|Duke of Rothesay, Earl of Atholl & Carrick|
|Born||24 October 1378|
|Died||26 March 1402|
|Father||Robert III of Scotland|
David Stewart (24 October 1378 – 26 March 1402) was heir apparent to the throne of Scotland from 1390 and the first Duke of Rothesay from 1398. He was named after his great-great-uncle, David II of Scotland, and also held the titles of Earl of Atholl (1398–1402) and Earl of Carrick (1390–1402). He shares with his uncle and arch-rival, Robert Stewart, first Duke of Albany, the distinction of being first dukes to be created in the Scottish peerage. David never became king. His marriage to Mary Douglas, daughter of Archibald the Grim, the third Earl of Douglas, was without issue.
David Stewart, as eldest son of King Robert III and his wife, Anabella Drummond, was heir to the throne of Scotland. About 1396 he was entrusted with the government or pacification of the northern parts of the kingdom.At a meeting of the Estates held in January 1399 it was resolved that he, as heir to the throne, should be appointed "lieutenant" of the kingdom with full sovereign powers for three years, partly due to the infirmity of his father and at a time of civil unrest and conflict with England. Although this gave him an opportunity to flex political muscle, his room for manoeuvre was significantly constrained, however, by a combination of youthful inexperience and the ultimately mortal rivalry of his uncle, Robert Stewart (brother of Robert III; the latter was named John before he became king), Duke of Albany, who had been protector of the kingdom prior to David's lieutenancy. Albany was a ruthlessly effective politician with a well-developed power base, and his designs on the throne were well understood. David's subsequent marriage to Marjorie, forming a Douglas alliance with the throne, also caused a serious rupture with George I, Earl of March, whose daughter Elizabeth had originally been betrothed to David. David is known to have involved himself in the political life of the kingdom, playing a role for instance in peace negotiations with John of Gaunt in the Marches.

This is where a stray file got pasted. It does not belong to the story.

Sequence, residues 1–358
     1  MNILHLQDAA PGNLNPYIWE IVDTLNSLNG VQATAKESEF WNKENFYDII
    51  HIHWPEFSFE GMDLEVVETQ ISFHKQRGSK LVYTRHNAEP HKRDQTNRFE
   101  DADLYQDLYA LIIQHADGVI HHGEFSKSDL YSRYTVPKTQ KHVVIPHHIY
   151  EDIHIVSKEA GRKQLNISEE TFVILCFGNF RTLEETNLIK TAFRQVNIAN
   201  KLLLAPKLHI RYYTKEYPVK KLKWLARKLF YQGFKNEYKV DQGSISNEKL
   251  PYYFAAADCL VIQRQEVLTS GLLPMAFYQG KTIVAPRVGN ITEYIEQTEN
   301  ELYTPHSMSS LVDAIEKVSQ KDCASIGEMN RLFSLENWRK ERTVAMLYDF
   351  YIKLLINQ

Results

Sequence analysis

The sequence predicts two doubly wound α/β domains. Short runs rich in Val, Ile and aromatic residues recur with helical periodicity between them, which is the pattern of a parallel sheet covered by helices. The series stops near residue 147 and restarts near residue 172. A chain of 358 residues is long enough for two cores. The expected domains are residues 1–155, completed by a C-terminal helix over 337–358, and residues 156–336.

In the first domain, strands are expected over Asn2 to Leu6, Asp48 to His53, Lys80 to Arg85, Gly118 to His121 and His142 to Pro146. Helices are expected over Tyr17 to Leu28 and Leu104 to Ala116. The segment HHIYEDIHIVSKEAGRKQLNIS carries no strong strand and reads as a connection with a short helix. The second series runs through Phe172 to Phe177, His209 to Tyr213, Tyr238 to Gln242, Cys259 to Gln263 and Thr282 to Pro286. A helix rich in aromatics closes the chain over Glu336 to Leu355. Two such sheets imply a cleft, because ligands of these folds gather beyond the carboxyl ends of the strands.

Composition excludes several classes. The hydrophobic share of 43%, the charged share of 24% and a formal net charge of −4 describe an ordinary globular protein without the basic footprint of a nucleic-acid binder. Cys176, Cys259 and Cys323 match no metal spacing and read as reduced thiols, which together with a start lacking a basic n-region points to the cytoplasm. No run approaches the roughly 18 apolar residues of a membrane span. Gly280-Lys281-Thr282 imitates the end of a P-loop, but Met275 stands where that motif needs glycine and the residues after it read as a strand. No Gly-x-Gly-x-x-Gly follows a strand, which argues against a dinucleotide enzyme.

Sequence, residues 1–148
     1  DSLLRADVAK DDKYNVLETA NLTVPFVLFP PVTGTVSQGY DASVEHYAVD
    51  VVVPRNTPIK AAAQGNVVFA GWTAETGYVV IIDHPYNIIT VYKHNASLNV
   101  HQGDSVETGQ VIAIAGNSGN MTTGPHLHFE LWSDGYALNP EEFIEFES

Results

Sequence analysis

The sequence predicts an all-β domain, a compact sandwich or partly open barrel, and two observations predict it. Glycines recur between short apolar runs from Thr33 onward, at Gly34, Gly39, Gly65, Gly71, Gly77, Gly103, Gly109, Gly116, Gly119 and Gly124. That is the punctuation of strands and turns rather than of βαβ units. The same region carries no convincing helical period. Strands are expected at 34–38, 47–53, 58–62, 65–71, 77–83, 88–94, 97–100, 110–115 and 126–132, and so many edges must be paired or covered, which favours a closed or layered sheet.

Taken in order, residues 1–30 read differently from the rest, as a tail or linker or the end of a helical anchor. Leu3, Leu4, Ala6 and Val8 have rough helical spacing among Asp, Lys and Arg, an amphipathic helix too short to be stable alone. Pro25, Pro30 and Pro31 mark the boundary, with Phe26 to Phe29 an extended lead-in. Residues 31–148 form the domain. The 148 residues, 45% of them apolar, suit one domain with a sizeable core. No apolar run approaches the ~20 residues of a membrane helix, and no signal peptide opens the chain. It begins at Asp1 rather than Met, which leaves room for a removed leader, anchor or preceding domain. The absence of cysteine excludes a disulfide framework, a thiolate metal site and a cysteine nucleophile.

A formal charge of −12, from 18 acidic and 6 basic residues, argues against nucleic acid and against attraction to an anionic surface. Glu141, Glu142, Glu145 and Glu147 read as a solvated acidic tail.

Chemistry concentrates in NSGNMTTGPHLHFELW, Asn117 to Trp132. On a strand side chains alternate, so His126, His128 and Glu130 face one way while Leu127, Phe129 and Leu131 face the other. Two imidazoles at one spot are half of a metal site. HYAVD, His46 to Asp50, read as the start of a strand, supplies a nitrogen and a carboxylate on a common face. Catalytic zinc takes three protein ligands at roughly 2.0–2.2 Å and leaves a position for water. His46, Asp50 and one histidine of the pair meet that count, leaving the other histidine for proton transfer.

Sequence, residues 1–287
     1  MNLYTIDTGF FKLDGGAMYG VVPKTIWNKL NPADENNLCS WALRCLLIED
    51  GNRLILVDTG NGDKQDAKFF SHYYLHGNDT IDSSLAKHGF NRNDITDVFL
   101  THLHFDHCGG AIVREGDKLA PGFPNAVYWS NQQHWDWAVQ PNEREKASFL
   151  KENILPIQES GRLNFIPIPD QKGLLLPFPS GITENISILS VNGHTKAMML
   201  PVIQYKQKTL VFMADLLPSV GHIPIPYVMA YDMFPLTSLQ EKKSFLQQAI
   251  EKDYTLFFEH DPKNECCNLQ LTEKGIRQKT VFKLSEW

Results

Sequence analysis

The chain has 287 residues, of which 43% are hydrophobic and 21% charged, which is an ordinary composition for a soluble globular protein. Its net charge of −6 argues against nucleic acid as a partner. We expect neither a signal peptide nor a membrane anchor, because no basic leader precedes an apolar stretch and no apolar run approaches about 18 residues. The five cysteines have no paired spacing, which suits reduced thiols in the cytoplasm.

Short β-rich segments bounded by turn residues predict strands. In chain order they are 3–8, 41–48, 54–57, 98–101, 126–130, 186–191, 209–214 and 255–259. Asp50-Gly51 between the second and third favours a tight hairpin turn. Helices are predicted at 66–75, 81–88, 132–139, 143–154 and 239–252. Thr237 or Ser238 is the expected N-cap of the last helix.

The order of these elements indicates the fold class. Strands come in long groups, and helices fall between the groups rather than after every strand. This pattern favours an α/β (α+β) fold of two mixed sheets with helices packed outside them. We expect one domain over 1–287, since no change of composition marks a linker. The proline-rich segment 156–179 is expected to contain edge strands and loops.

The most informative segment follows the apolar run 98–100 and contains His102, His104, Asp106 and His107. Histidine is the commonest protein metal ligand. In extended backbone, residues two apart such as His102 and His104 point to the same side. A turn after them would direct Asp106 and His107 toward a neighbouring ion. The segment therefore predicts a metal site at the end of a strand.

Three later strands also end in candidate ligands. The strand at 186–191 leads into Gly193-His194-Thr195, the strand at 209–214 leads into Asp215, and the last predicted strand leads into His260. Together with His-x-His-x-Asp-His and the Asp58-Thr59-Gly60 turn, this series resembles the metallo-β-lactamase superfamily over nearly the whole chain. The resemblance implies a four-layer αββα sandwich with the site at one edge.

David appears to have had an ally in his mother, the Queen, who had worked to strengthen her son's hand, arranging the great tournament of 1398 in Edinburgh when he was knightedand being present, along with the king, in that same year when David was created Duke of Rothesay, in the same ceremony, performed by Walter Trail, Archbishop of St Andrews, which also created the title Duke of Albany for his uncle. But both the Queen and Archbishop were dead by 1401. His father, the King, appears to have had little ability by that date to influence events effectively.
In late February 1402, while travelling officially to St Andrews, David was arrested just outside the city at Strathtyrum in a sting operation which had been arranged by Albany, at that time in complicit alliance with David's brother-in-law, Archibald, the fourth Earl of Douglas, who was offended with Rothesay for his unfaithfulness to his wife, the sister of Douglas. (David's father-in-law, the highly influential third Earl, had died two years before, in 1400.) The pretext for David's arrest was that the three-year period of his lieutenancy had expired. He was initially held captive in St Andrews Castle, and soon afterwards taken to Falkland Palace, Albany's residence in Fife. According to Bower, the prince spent the journey hooded and mounted backwards on a mule. At Falkland David remained a prisoner and shortly died there, reputedly of starvation. He was buried privately in Lindores Abbey. A few weeks later, in May 1402, a public enquiry into the circumstances of David's death exonerated Albany of all blame.
Four years later, in 1406, David's younger brother, James Stewart, succeeded Robert III as king (although at that time remaining uncrowned and in captivity in England) while Albany secured himself as de facto ruler of Scotland.
As well as featuring in relevant historical novels by Nigel Tranter, David appears as a principal character in Walter Scott's The Fair Maid of Perth .
Tytler, Patrick Fraser (1887). The history of Scotland from the accession of Alexander III. to the union. II. Edinburgh: W. P. Nimmo.